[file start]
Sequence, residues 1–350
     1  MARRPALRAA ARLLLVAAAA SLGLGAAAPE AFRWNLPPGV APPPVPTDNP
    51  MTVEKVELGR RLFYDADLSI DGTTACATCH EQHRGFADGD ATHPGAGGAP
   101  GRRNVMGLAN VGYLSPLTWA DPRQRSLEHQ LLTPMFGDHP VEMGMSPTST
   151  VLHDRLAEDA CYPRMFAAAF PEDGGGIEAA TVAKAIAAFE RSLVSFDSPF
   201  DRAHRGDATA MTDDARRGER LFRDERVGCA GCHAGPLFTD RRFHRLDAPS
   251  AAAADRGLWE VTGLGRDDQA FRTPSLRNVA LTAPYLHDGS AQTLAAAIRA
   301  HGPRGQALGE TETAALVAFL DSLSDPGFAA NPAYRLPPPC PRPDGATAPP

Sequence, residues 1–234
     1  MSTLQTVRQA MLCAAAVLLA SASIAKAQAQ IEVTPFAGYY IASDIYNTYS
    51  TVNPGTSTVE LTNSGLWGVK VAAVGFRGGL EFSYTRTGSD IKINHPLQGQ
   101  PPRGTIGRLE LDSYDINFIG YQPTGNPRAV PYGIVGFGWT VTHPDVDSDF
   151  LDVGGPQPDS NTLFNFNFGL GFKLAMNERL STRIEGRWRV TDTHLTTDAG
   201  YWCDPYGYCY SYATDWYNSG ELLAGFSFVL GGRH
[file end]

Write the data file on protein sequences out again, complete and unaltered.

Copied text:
Sequence, residues 1–350
     1  MARRPALRAA ARLLLVAAAA SLGLGAAAPE AFRWNLPPGV APPPVPTDNP
    51  MTVEKVELGR RLFYDADLSI DGTTACATCH EQHRGFADGD ATHPGAGGAP
   101  GRRNVMGLAN VGYLSPLTWA DPRQRSLEHQ LLTPMFGDHP VEMGMSPTST
   151  VLHDRLAEDA CYPRMFAAAF PEDGGGIEAA TVAKAIAAFE RSLVSFDSPF
   201  DRAHRGDATA MTDDARRGER LFRDERVGCA GCHAGPLFTD RRFHRLDAPS
   251  AAAADRGLWE VTGLGRDDQA FRTPSLRNVA LTAPYLHDGS AQTLAAAIRA
   301  HGPRGQALGE TETAALVAFL DSLSDPGFAA NPAYRLPPPC PRPDGATAPP

Sequence, residues 1–234
     1  MSTLQTVRQA MLCAAAVLLA SASIAKAQAQ IEVTPFAGYY IASDIYNTYS
    51  TVNPGTSTVE LTNSGLWGVK VAAVGFRGGL EFSYTRTGSD IKINHPLQGQ
   101  PPRGTIGRLE LDSYDINFIG YQPTGNPRAV PYGIVGFGWT VTHPDVDSDF
   151  LDVGGPQPDS NTLFNFNFGL GFKLAMNERL STRIEGRWRV TDTHLTTDAG
   201  YWCDPYGYCY SYATDWYNSG ELLAGFSFVL GGRH